When I went on my first solo trip, I was nineteen, going to the U.S. and Canada and I was going to take the bus crosscountry. While my parents wondered what was wrong with me and everyone on the internet told my that I was going to die at least twice if I took the Greyhound, there was never really any other option in my mind than taking the bus. See, the issue is I have a fear of flying and have decided a long time ago that I will only fly if it is absolutely necessary, usually because there is an ocean between me and the desired destination. The other issue is that I also do not have a drivers licence, since every year I have to choose between using my savings for driving classes or going on another trip. Those are the practical reasons busses have become my mode of transportation, but despite these practicalities, I also think busses are simply awesome!
That first trip where I took the Greyhound all around the country- seriously all around- I fell in love with bussing as I came to call the art of practically living in a bus. The best thing about travelling around in a bus, is the opportunity of meeting new people you might otherwise never meet. During my two summers spent in a Greyhound in the U.S. and Canada I met a lot of people that I would have never met had I rented a car or taken a plane. I met a lot of the poorest part of society in the States- most people take the bus, because they cannot afford a car- which included the homeless, drug addicts, people just released from prison, native Americans and plain crazy people. I am not pretending that all my encounters were fun, because that would be lying. I still remember the women who would not stop screaming for fast food- including the entire night until we finally dropped her off at Mc Donalds- and the Jehova’s Witness I sat next to for 33 excruciating hours forced to listen to how I was going to hell or that time I had to sit next to a geekish guy that wanted to make me listen to Japanese metal music at 5 in the morning. But though these experiences were quite horrible at the time, the good outweighed the bad by far. Because while I was trying to avoid the Jehova’s Witness, I met a great elderly couple that later invited me to their house for the 4th of July and while the fast food junkie was going cold turkey over a burger, I met a single mother that I still regularly keep in touch with and that I visited again a year later. It makes me smile to think about all the wonderful people I met, like a small Inuit lady on her way from the vast wilderness of northern Quebec to her grandson in Manitoba as she showed me pictures of her community and tried to teach me Inuktitut.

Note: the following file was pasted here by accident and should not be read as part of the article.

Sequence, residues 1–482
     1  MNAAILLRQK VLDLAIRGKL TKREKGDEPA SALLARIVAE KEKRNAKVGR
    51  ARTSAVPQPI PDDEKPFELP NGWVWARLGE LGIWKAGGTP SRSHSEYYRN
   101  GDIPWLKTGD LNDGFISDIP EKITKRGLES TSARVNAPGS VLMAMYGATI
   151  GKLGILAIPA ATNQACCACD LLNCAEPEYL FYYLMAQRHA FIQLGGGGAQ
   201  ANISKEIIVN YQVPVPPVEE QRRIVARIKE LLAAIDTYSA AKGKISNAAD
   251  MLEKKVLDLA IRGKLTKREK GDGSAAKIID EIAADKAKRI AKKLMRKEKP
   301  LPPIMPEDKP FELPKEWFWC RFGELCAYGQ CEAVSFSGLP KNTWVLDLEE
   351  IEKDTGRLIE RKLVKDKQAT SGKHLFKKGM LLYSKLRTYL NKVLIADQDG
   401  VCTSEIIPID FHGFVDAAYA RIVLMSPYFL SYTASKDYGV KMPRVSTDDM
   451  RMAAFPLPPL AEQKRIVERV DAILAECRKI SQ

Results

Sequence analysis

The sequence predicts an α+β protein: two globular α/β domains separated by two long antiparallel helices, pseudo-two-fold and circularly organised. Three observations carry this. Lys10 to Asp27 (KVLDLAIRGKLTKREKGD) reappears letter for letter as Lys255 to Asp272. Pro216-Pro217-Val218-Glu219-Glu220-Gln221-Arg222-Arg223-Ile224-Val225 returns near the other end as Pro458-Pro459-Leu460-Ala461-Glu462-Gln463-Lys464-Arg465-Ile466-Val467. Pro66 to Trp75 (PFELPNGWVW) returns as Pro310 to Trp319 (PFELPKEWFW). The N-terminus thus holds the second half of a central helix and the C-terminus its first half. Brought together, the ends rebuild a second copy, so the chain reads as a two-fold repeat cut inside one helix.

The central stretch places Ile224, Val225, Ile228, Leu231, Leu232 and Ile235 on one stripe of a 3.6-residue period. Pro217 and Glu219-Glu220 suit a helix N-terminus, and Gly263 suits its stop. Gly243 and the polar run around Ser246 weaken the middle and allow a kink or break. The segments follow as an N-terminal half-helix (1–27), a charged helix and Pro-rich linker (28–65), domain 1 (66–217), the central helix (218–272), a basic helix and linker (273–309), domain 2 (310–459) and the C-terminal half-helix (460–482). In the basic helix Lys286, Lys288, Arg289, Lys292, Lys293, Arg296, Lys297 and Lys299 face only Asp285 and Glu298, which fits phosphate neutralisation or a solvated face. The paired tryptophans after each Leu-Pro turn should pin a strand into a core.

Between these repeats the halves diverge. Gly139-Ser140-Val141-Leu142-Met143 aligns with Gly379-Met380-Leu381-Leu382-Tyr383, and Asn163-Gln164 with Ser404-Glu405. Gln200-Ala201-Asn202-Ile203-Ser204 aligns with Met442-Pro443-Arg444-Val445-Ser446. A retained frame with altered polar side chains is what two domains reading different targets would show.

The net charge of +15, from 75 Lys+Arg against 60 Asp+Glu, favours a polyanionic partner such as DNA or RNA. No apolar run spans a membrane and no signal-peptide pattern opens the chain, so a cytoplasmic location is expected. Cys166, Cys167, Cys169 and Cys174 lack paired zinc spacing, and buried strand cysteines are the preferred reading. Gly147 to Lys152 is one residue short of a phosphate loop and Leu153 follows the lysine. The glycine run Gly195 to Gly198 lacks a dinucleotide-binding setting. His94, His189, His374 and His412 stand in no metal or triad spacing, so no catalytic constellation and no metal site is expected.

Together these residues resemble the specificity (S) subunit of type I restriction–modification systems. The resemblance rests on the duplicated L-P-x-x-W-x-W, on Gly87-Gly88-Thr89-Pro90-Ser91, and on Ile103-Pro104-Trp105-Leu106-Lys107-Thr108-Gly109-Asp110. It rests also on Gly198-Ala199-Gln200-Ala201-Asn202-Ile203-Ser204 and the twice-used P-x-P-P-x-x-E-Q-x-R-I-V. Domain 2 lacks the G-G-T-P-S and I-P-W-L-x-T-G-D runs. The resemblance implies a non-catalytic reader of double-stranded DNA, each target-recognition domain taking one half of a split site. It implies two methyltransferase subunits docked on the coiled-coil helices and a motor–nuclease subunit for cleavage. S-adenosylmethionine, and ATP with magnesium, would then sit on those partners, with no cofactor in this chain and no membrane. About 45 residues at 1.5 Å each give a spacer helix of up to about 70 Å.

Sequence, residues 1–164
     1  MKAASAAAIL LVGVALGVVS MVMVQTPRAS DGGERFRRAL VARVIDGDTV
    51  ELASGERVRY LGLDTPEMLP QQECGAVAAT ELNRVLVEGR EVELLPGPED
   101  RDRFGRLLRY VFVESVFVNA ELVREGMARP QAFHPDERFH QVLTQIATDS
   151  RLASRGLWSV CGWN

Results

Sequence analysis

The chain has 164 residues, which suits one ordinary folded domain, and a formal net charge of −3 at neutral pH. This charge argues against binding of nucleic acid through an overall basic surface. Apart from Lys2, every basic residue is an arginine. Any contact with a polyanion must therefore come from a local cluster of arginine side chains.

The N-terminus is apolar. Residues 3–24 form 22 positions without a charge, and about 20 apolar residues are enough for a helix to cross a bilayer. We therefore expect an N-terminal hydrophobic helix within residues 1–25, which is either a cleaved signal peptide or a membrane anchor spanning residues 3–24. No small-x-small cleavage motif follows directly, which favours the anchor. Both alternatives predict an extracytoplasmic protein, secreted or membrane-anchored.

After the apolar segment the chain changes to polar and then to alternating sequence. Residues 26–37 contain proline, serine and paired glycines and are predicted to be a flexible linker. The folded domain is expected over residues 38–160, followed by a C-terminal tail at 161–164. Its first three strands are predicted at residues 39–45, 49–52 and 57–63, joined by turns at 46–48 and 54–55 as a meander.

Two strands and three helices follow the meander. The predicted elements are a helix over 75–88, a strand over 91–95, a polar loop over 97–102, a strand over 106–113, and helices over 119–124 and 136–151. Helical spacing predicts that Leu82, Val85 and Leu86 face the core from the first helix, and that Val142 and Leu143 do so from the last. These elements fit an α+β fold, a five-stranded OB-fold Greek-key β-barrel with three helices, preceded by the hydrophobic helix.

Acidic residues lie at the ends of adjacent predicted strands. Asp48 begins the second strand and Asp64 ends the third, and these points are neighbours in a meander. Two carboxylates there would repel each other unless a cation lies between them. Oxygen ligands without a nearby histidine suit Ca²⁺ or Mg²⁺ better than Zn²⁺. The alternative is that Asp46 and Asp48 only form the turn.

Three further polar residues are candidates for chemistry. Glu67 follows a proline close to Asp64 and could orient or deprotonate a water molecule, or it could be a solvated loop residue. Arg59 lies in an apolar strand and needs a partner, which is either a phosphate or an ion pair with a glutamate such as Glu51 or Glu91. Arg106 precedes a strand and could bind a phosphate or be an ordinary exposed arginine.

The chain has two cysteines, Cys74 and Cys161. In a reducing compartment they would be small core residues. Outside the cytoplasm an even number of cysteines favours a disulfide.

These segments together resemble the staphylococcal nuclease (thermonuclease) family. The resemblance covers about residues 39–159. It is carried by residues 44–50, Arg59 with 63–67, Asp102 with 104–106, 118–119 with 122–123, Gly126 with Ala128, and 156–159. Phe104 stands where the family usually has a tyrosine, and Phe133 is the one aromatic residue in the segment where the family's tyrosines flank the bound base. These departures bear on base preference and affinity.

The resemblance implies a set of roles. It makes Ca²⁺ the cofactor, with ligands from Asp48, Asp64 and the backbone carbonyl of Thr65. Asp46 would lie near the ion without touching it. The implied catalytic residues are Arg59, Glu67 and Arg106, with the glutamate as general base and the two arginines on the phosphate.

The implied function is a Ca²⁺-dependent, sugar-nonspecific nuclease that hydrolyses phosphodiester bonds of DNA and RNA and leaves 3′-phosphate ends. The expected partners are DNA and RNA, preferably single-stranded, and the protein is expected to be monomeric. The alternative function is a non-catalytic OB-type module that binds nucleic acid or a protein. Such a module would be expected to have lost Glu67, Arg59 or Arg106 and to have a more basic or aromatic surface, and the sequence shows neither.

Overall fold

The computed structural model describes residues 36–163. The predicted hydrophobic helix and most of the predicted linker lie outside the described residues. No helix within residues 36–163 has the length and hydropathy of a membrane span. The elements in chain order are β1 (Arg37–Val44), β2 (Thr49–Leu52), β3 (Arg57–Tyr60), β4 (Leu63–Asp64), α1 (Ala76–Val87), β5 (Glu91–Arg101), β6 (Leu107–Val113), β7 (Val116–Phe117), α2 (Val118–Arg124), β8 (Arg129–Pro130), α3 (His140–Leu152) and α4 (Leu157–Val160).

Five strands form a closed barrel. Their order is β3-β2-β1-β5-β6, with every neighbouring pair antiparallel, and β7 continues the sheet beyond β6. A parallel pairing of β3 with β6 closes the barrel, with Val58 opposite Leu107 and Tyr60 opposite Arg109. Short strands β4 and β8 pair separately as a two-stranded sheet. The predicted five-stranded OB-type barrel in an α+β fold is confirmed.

Another great bonus of travelling by bus is that the travel is slow- oh yes, very slow indeed- and thus you can see more of the world around you and the country you chose to travel to. Admittingly, the train gives you better views, as with the bus your main view is still the highway, but I remeber the scenery in the Yukon and Alaska, the heard of bison we almost drove into in northern British Columbia and the Rocky Mountains of course. The only thing I will advise you not to do is to cross the prairie three times, as it is boring and endless and time goes incredibly slowly. But if you want to see the country you are visiting rather than just flying over it, the bus is the way to go.
Sure, not all journeys you will make by bus will be interesting, and you will meet horrible people along the way that you will be stuck with for very many hours, and you will sometimes wonder if your parents were right and you were crazy for getting into a 75 hour busride from San Francisco to Boston with no layovers. But in my experience, the decision that I made to go bussing has been more that worth it and has made my travels a better experience. So I am glad to prepare myself for the next adventure and take the bus all through South America for the next ten months to go bussing around.